medwireNews: Intra-articular injections of platelet-rich plasma (PRP) do not reduce knee pain or disease progression for people with symptomatic mild-to-moderate radiographic medial knee osteoarthritis (OA), suggest findings from a randomized controlled trial.
“Although PRP is increasingly used to treat knee OA, evidence to support clinical benefits of PRP is limited,” with current guidelines emphasizing the need for rigorous studies, say the study authors in JAMA.
In the RESTORE trial, the overall knee pain score, measured on an 11-point numeric rating scale for average pain over the past week, improved from a mean of 5.7 points at baseline to 3.5 points at 1 year for the 144 participants who were randomly assigned to receive three intra-articular injections of leukocyte-poor PRP given at weekly intervals.
By comparison, this score decreased from an average of 5.7 to 3.9 points among the 144 participants given placebo injections. The mean improvement met the threshold for a minimum clinically important difference in both groups, and the between-group difference of 0.4 points was not statistically significant.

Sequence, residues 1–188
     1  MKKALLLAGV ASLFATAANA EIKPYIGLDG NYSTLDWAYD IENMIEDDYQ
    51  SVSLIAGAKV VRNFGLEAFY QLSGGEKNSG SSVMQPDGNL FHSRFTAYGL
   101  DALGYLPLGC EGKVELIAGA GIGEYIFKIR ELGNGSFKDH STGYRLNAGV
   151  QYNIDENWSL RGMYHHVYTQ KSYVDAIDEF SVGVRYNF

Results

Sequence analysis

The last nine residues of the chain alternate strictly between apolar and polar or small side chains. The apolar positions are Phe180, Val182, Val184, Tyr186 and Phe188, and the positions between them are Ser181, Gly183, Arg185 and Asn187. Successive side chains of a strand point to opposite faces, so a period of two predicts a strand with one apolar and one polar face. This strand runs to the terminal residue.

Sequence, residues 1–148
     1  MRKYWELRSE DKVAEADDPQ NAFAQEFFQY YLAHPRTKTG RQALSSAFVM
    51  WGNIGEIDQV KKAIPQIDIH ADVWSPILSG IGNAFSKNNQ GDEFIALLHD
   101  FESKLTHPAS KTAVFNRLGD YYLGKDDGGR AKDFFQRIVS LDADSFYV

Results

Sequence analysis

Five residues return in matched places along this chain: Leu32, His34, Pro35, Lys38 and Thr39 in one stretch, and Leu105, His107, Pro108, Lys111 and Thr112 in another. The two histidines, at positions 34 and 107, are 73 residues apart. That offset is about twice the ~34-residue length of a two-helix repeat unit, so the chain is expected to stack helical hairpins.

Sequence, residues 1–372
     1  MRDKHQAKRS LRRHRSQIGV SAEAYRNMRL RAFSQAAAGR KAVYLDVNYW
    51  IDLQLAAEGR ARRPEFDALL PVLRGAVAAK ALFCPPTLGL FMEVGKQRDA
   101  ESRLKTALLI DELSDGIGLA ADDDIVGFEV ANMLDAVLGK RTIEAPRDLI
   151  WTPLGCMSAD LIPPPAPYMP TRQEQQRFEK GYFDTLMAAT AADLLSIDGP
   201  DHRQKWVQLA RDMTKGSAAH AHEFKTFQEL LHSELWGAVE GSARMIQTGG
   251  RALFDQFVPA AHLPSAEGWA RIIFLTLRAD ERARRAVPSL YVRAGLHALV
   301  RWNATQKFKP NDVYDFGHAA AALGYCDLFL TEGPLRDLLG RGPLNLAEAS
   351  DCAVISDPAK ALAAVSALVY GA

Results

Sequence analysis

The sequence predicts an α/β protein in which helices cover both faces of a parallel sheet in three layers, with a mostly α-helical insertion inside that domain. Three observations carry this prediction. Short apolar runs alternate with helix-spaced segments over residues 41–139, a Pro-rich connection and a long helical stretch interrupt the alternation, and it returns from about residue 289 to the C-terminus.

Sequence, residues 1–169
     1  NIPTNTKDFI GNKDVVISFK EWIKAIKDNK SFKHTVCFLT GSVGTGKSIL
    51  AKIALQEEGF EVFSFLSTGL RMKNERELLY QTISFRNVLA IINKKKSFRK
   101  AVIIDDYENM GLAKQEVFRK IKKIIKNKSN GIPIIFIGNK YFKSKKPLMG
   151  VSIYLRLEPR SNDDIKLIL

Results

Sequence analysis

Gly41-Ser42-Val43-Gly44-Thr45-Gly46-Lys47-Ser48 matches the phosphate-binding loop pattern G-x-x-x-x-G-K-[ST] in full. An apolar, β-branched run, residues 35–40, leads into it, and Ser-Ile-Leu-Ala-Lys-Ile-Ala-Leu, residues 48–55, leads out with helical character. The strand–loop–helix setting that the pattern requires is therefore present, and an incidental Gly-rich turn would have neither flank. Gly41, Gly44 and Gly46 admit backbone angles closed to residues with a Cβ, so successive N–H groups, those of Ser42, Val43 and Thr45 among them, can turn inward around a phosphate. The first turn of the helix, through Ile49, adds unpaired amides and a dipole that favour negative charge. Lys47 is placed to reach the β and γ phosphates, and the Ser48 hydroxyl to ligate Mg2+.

Similarly, there was no significant difference in the average annual decrease in medial tibial cartilage volume between the PRP and placebo groups, at 1.4% and 1.2%, respectively.
“These findings do not support use of PRP for the management of knee OA,” say Kim Bennell (The University of Melbourne, Victoria, Australia) and co-investigators.
Writing in an accompanying editorial, Jeffrey Katz (Brigham and Women’s Hospital, Boston, Massachusetts, USA) says that the substantial improvements seen in the placebo group of this trial, as well as in the previously reported PRIMA trial of patients with ankle OA, “emphasize the importance of comparing interventions with placebos in trials of injection therapies.”
Katz notes, however, that there was “suggestion of possible benefit for some of the secondary outcomes” with PRP in the RESTORE trial. For instance, a significantly higher proportion of patients given PRP versus placebo reported an improvement in overall status on a 7-point Likert scale (48.2 vs 36.2%).
Taken together with “the mixed results of prior studies” investigating PRP for OA and Achilles tendinitis, these findings “support caution before dismissing PRP entirely for knee OA,” he says.
Katz explains that comparing results across PRP studies is challenging because “protocols for preparing and administering PRP differ among studies, and the “concentrations of platelets and specific growth factors in PRP preparations also vary widely.”
He concludes: “Until a new generation of trials using standardized approaches to PRP therapy provides evidence of efficacy, it would be prudent to pause the use of PRP for OA and Achilles tendinitis.”
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